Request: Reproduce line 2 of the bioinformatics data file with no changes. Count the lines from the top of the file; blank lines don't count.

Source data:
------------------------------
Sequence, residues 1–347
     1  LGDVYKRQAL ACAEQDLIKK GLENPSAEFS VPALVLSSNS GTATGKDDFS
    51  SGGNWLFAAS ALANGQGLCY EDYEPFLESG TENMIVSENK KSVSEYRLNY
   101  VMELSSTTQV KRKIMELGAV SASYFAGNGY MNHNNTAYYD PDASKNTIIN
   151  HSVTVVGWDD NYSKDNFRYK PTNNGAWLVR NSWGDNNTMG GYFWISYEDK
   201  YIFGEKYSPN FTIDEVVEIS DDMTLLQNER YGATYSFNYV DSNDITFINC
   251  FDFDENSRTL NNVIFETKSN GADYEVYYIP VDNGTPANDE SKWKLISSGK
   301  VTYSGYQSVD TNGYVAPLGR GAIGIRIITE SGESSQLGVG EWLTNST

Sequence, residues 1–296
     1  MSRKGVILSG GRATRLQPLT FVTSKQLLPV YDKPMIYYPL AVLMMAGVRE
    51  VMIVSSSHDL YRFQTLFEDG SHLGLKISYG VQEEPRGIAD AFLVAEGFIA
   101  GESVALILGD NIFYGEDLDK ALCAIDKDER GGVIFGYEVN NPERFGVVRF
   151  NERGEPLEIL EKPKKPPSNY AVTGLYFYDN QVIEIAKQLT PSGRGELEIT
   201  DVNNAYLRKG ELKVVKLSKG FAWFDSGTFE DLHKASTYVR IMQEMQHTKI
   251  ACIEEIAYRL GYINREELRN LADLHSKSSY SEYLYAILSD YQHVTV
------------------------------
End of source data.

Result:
     1  LGDVYKRQAL ACAEQDLIKK GLENPSAEFS VPALVLSSNS GTATGKDDFS